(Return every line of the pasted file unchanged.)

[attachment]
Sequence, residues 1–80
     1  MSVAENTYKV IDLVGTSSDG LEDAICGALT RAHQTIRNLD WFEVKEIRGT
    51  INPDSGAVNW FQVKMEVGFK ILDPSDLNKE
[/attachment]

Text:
Sequence, residues 1–80
     1  MSVAENTYKV IDLVGTSSDG LEDAICGALT RAHQTIRNLD WFEVKEIRGT
    51  INPDSGAVNW FQVKMEVGFK ILDPSDLNKE